LaToya is the CurlyInCollege Digital Marketing Coordinator. She is a writer, content creator, and digital marketing specialist. She has a joint B.A. from Rutgers University School of Arts and Sciences and School of Communication and Information where she studied Journalism and Entrepreneurship. LaToya loves all things natural hair, beauty, fashion, and mango smoothies. You can follow her on Instagram @latoya_diana.
FroDwon powered by EDEN BodyWorks is well underway and headed to Florida A&M University. EDEN BodyWorks provides natural products that integrate wellness and beauty. Our Florida A&M president, Teambria Clark, shared her experience with her favorite EDEN BodyWorks products.
“My hair would go from popping curls, big and luscious to them looking flat and not looking how I want. I tried a ton of new products until I came across Eden BodyWorks. Man have these products been a lifesaver!
The Coconut Shea Curl Define Crème is my all-time favorite. I can wash my hair and apply some of the product and it’s a quick wash and go for me. I also love using the Coconut Shea Hair Oil and Coconut Shea Leave- In Conditioner. Although those are the only three I’ve tried and use most often, I was recently introduced to their skin line and I can’t wait to add more EDEN BodyWorks products to my list of favorite products!”
The Florida A&M Edition of FroDown powered by EDEN BodyWorks is Tuesday April 18th at 6pm. Be ready for giveaways, live hair demos, henna, and more! You can follow @curlyincollege and @famcurlyincollege for more details.
Nat·u·ral- /ˈnaCH(ə)rəl/ — existing in or caused by nature; not made or caused by humankind.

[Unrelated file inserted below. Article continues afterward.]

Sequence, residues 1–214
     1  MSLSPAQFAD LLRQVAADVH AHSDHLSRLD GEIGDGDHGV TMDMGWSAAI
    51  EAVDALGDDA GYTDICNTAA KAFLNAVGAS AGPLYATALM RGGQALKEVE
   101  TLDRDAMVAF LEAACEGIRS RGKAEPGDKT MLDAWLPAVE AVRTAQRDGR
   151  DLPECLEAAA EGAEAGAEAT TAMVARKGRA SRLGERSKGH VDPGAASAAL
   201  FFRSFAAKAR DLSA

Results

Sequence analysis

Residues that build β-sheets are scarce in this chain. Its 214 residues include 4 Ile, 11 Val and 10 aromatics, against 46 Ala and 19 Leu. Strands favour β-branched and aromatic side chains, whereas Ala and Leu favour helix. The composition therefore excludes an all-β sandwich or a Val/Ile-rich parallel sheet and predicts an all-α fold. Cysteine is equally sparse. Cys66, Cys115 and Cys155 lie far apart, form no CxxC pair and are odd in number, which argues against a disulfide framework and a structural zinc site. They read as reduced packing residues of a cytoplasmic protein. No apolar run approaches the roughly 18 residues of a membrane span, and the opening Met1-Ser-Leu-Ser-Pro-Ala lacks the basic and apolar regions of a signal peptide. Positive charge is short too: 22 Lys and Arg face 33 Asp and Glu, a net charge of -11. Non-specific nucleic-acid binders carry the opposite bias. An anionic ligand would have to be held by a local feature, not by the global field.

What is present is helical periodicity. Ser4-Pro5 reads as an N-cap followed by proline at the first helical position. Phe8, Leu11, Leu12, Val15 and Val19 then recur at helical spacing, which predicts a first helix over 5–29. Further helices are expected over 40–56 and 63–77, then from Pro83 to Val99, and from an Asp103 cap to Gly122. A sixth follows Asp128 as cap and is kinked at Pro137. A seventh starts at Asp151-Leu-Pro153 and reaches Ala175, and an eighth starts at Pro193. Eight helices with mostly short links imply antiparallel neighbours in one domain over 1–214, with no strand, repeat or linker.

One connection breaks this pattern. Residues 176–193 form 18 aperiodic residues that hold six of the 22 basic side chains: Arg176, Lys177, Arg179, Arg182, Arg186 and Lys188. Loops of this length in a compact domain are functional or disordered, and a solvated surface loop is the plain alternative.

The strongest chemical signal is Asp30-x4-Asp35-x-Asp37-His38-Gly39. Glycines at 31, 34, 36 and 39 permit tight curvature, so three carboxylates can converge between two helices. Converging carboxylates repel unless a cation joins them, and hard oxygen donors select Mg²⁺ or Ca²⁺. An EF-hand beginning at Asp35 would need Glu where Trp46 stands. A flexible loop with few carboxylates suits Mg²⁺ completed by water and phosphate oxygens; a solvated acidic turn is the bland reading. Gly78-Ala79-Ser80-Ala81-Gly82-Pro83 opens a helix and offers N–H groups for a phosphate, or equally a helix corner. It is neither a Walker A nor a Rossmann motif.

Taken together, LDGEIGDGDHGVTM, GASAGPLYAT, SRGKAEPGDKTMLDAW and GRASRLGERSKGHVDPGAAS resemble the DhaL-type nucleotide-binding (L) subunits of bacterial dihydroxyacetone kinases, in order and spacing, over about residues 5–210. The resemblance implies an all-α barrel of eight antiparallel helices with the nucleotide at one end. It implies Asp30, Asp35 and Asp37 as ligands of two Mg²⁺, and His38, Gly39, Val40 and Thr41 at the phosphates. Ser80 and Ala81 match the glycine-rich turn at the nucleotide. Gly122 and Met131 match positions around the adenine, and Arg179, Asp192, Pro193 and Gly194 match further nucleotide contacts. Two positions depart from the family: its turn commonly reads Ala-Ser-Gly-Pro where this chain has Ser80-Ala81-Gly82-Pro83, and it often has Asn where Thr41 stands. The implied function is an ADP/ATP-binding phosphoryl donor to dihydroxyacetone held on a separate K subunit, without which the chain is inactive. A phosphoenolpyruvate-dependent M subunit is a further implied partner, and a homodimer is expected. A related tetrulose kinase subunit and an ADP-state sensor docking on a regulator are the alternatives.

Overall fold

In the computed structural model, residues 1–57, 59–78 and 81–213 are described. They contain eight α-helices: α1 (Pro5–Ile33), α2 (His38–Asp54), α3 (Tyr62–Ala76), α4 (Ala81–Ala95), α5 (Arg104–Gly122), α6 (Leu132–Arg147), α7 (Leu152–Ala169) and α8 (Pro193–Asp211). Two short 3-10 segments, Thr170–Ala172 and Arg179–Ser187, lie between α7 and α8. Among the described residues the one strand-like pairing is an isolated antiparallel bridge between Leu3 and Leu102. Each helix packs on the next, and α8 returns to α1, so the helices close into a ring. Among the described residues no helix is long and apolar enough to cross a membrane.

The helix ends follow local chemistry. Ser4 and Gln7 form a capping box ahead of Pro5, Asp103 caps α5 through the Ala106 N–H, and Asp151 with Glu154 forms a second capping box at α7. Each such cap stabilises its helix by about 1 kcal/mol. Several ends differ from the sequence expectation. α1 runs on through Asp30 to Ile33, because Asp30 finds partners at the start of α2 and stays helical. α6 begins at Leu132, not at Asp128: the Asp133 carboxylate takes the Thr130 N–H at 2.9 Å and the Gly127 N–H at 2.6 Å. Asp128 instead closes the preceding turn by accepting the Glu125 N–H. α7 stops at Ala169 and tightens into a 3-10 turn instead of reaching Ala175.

Curly hair seems to be taken as a sign of rebellion when it’s simply the act of existing. Having your existence looked at as an act of resistance can sometimes get you down. CurlyInCollege brings life to the dead ends we face with our hair and society’s perception of naturally curly hair.
Fisk University is so excited to be hosting FroDown 2017 powered by EDEN BodyWorks on Saturday April 1st. FroDown is an event that gives curly men and women a safe space to be themselves and boldly embrace their natural hair.
This is an opportunity to learn some of what it means to be natural and see the love and community that comes from just having a mutual appreciation for natural hair. It’s expected to be a time of fun and information to inspire women who are already curly and future curlies to fall in love with the beauty nature gave us all.
These Fisk students are loving on their hair and you can too when you come to FroDown 2017 powered by EDEN BodyWorks!
“Being natural is learning how to love myself, giving myself a chance to be happy as I am.”
— Sadara Welch, Fisk University freshman
“Being natural is appreciating and loving your crown [despite] the prolonged conditioning that has caused so many of us to hate and mistreat our hair.”
— Mekka Abdullah, Fisk University sophomore
“Being natural is accepting myself as I am and the beauty God gave me. For a long time I hated my natural hair and now I’m able to embrace it.”
— Mickey IntVeld Sutherlin, Fisk University junior
FroDown is an event you don’t want to miss. Be there to get the tools you need to resist the societal norms of what makes “good hair.” Naturally curly hair is not an anomaly. It is beautiful.